Hicks on Biz: One Pearl of an Edmonton high-rise BY GRAHAM HICKS, EDMONTON SUN FIRST POSTED: FRIDAY, MAY 02, 2014 11:54 AM MDT
For those who think Edmonton lacks entrepreneurial drive, the man building the jewel of condo towers, the 36-floor Pearl overlooking the river valley from Jasper and 119 Street, arrived from India as a penniless immigrant 34 years ago.
“When my mom and dad first came, they had no connections, no wealth,” says Raj Dhunna of his father Rakesh Dhunna, respectively chief operating officer and president of Regency Developments.
“They worked day and night, had us kids. My father decided to build our own house in 1987. Then he built a house in Twin Brooks, sold it, built 15 to 20 more.”
One thing led to another, from a rental property portfolio, to a strip mall on 34 Avenue, to a Beaumont 60-unit townhouse project. During the boom of 2006-2008, Regency was gearing up for bigger projects, making strategic land acquisitions
Along the way, Rakesh built up Regency’s network of tradespeople, lenders and sub-contractors. It was that network, plus a strong sense of community, that kept Regency in business during the grim years.
Regency’s first big-time project couldn’t have had worse timing. Regency bought the rezoned land for the 117 unit, 22 floor Quest tower on 105 Street at and 104 Avenue in 2007.
Things looked great. A sales office had opened, 20% of the condos had been sold. Then the global financial crash hit Edmonton in November, 2008. Condo prices collapsed. Sales at Quest ground to a near halt. That’s when Regency’s reputation and its network kicked in, says Raj. “We sat down with our tradespeople and bankers. We all hung in. We never stopped construction. That’s not in our genes.”
By 2010 the economy began to revive. The last Quest condo unit was sold in early 2013.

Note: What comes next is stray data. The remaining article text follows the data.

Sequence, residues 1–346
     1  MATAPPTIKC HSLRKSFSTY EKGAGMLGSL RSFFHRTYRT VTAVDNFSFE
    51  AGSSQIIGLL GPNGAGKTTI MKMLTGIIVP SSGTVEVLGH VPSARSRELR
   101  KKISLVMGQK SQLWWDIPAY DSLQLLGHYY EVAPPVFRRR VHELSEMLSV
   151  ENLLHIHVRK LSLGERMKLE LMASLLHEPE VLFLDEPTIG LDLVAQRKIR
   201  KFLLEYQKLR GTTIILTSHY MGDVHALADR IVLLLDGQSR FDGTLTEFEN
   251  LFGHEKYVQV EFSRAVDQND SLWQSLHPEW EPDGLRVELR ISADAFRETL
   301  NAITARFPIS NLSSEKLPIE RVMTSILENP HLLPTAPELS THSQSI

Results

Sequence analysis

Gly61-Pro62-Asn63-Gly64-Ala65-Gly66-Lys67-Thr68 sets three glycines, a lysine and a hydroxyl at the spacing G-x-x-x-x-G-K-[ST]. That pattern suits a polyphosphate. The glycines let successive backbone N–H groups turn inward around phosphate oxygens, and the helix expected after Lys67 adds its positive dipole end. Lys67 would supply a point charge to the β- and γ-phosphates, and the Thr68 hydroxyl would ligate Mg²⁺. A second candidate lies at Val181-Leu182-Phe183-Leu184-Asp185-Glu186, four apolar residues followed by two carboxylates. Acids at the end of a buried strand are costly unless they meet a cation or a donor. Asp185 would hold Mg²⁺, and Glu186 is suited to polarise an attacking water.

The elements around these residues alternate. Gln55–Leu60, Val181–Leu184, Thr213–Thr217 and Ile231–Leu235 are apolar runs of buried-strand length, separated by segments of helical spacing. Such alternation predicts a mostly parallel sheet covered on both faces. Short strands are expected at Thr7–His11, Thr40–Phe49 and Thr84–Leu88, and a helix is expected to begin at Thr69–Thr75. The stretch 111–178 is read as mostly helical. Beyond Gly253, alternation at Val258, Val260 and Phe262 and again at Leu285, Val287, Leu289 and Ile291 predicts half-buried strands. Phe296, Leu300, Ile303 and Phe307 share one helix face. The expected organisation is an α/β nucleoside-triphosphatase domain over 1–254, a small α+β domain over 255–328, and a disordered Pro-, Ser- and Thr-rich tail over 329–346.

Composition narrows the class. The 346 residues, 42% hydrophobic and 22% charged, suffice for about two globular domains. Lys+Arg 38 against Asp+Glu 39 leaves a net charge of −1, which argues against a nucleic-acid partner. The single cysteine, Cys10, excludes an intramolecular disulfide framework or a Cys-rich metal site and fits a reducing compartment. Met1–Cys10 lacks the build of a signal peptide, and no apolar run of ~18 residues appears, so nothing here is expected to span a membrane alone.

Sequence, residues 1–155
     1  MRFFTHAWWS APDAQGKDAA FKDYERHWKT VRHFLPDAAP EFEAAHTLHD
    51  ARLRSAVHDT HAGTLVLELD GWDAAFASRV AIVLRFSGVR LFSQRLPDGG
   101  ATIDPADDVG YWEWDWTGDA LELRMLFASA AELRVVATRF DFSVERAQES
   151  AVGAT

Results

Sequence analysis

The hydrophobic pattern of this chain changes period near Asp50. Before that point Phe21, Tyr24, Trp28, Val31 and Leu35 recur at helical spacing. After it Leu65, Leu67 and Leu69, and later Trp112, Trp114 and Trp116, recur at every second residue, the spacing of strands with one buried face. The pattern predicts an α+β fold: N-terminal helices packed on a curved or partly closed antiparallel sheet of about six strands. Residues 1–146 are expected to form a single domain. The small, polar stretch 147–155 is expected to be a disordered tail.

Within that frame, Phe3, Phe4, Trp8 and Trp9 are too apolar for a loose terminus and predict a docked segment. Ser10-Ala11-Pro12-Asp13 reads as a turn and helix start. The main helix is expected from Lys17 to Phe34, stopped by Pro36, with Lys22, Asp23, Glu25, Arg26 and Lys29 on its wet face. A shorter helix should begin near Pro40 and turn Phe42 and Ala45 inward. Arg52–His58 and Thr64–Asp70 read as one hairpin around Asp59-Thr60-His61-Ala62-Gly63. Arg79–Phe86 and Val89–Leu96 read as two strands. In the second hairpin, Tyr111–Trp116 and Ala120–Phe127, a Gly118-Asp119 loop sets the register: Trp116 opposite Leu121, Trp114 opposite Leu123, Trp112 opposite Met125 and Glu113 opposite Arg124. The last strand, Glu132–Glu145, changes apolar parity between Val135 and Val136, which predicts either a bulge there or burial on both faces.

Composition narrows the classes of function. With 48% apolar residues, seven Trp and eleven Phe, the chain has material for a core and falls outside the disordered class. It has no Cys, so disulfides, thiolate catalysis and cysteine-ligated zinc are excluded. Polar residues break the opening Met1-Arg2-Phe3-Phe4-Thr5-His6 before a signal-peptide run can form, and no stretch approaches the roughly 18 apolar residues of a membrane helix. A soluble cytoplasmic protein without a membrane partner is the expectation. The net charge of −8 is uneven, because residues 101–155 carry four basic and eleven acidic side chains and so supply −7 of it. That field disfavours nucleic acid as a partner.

Rakesh and Raj (freshly minted University of Alberta MBA in hand) had never stopped looking into the future – as developers must do. They’d purchased the land on which The Pearl now sits, a couple of run-down apartment building on Jasper Avenue. The block was ripe for redevelopment.
The original zoning allowed for two 20-story side-by-side towers. “We had travelled, and seen what multi-story condo towers could do,” says Raj.
Why not take the same density, put it into one really tall tower, win over the neighbourhood (and city council) with public amenities at ground level and extra attention to shadow minimization? Going higher meant more unobstructed views of the river valley and the surrounding city.
The timing on the Pearl couldn’t have been better. City council was ready to approve visionary projects. Once it was apparent the Pearl would be a good neighbour, the local community bought in. The rezoning to 35 stories (now 36) passed near-unanimously.
This time, as the concrete was being poured, Edmonton’s economy was improving. Empty-nest baby boomers are exchanging houses for an upscale urban experience. The boomers were buying up the top floors of The Pearl, young professionals buying the smaller, lower units.
“As we were going up, the market was asking for fewer but bigger, more luxurious units,” says Raj. “We went back, re-figured the units, upgraded the quality all around.”
Another floor was added, 174 units shrank to 128 bigger units. The Pearl’s exterior is now finished, all sky-blue and glass. The building is 60% sold and will likely sell out by October’s move-in date.
Leaving Edmonton isn’t in the cards. “It’s about knowing the market, and making changes in a timely manner,” says Raj. And, he says, it’s about community. “My father would never move. When I did my MBA at the U of A, I was influenced by the likes of Joseph Doucet, Ralph Young and Mike Percy. They teach you about pride of place, about doing the right thing.”
In my Hicks on Biz column about the Alberta budget process on April 17, Bob Ascah of the U of A Institute for Public Economics has asked for some clarification of his statements. "The key point about public sector accounting standards,” he says, “is that they do not apply to provincial budgets- they apply to the audited financial statements at year-end."
FACTOIDS – The Pearl condor tower, Jasper and 119 Street
36 stories high
128 units, 65 sold - 23rd to 31st floors almost sold out.
lower floor, 600 to 800 sq. ft. units, average price $300,000 to $400,000
mid-range, 900 to 1,600 sq. ft. units, average price $550,000 to $800,000
top five floors, 2,000 sq. ft. penthouse units (with upstairs and downstairs), average price -$1.8 million.
Five top luxury penthouses – including entire 36th floor as one penthouse - $3 to $4 million each